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Maser’s design is now a popular example of activist art, instantly recognisable around the country by its bold colours and striking font. T-shirts, sweaters, and badges bear the design, making it a distinct symbol of the repeal campaign. Copycat murals have been drawn in markers and pens in bathroom stalls across Dublin, their outlines still faintly present even after others have tried to wipe them away.

Activist art, or protest art, is most commonly associated with graffiti, exhibitions, and street installations. It promotes creativity as a political tool with the power to challenge hegemonic cultural values and inflict real social change. Activist art differs from other art forms because it has a specific relation to the public sphere. It exists primarily outside of museums and galleries, using the public space to create awareness.

Writer and playwright Naomi Elster has used art in the past for this very purpose. In 2015 she wrote ‘I can do horror’, a poem about Ireland’s abortion law and the hurt that it has caused women.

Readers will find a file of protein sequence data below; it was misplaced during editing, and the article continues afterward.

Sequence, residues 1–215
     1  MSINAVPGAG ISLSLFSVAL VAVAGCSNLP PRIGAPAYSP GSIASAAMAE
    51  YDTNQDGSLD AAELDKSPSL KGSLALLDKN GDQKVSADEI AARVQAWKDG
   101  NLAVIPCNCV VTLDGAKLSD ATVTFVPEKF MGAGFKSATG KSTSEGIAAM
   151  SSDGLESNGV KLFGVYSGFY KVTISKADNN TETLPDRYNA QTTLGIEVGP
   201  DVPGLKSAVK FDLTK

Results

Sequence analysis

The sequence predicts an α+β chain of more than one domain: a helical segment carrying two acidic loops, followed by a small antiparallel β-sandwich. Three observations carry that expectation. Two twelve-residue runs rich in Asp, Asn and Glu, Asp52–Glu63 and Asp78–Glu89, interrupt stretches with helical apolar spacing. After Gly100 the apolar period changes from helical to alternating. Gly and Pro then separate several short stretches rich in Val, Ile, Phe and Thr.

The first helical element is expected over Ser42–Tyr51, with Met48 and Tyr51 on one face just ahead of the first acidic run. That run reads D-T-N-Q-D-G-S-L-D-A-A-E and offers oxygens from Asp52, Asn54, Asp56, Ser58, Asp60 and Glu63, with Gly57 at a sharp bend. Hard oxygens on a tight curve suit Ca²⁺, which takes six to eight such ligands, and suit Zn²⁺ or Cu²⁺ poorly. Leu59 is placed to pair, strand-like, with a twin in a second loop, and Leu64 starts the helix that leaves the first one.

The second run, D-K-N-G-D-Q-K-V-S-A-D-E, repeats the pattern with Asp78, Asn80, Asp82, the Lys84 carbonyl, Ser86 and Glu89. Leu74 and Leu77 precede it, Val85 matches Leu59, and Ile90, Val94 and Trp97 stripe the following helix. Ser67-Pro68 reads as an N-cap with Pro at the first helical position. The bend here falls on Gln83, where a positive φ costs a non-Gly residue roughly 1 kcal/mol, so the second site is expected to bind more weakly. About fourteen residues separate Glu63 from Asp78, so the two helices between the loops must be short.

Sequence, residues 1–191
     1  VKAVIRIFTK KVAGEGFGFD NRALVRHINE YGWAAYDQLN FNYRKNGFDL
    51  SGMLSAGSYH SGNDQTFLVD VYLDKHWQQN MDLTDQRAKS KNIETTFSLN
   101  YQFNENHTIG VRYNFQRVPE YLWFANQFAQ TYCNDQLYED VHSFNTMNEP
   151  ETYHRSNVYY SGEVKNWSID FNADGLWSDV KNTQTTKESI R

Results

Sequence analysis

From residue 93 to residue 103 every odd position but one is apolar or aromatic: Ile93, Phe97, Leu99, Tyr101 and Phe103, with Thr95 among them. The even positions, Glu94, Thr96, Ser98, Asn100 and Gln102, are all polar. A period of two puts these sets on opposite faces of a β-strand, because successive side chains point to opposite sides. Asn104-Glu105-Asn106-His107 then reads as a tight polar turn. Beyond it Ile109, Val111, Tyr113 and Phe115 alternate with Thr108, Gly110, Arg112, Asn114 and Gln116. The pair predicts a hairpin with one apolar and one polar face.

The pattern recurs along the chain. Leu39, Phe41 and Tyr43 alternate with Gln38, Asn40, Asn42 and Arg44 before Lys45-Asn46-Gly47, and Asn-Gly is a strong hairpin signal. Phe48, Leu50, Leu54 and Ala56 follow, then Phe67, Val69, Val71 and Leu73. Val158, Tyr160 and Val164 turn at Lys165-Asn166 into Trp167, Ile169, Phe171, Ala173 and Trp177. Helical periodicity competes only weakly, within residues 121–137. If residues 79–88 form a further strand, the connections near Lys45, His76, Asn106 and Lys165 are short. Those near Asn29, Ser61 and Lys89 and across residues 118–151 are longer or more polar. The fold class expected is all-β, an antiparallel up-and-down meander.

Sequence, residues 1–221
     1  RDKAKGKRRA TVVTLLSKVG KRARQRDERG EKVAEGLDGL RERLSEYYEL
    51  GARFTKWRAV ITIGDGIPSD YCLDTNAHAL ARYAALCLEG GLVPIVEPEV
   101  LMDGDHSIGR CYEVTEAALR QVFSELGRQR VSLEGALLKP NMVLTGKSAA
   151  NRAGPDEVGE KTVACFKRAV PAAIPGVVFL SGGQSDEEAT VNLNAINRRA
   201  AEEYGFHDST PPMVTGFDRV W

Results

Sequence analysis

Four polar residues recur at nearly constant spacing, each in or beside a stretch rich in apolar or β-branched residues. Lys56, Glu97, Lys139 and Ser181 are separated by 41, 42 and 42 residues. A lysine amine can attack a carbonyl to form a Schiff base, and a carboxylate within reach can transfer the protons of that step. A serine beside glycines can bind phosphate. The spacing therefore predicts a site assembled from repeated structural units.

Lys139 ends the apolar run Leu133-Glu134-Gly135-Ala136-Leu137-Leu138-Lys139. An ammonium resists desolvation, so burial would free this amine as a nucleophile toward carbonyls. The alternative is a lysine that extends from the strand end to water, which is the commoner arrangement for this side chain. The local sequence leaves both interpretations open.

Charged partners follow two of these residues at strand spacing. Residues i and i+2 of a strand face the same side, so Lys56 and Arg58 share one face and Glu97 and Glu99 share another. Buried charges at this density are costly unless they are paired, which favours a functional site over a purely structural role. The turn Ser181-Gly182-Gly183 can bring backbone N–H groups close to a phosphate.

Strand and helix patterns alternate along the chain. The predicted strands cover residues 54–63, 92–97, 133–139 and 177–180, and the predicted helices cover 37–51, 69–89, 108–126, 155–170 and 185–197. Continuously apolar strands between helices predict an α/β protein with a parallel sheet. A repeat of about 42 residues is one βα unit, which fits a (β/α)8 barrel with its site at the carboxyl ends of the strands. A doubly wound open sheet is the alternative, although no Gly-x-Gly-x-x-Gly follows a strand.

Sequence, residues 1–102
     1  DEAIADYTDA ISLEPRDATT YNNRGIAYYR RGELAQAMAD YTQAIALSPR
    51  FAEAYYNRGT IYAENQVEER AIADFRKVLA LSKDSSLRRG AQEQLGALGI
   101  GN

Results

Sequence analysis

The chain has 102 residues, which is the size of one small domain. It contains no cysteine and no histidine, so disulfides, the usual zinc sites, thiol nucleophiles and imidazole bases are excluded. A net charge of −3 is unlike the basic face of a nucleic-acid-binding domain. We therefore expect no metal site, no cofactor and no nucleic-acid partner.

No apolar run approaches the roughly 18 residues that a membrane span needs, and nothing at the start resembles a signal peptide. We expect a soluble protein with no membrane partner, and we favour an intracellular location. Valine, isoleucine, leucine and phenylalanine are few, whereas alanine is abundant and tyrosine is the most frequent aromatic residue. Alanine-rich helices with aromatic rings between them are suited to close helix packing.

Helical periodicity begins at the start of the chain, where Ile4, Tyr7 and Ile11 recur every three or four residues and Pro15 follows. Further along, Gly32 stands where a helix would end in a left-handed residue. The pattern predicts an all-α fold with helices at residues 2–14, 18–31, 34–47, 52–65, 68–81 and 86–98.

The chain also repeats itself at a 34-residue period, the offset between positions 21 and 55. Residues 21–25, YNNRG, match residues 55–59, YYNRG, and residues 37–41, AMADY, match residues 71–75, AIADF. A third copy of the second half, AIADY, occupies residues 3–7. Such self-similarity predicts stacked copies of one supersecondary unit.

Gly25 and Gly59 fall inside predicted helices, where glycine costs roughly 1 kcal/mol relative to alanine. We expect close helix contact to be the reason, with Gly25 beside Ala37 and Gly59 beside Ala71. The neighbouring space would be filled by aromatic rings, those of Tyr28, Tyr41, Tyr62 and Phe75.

Naomi says that learning about the 8th amendment horrified her, and that at first she found it difficult to write anything that accurately expressed the fury she felt.

“Words rarely let me down on the page,” she says. “I was so angry, so frightened, so utterly revolted and ashamed to be part of a country that would treat women, even girls, with such little compassion that when I tried to write about it in any form, I couldn’t actually express it (…) The poem came from that frustration.”

‘I can do horror’ was originally published on HeadStuff, and republished in 2016 in ‘Rise and Repeal’, a 1916-themed souvenir newspaper printed specially for that year’s March for Choice. Naomi says that writing the poem finally allowed her to transform her fears into courage.

“When Savita died, I was afraid to think about it,” she says. “I was afraid of how powerless I’d feel if I thought that the modern country in which I lived would stand back and let me die in fear in hospital rather than give me an abortion.”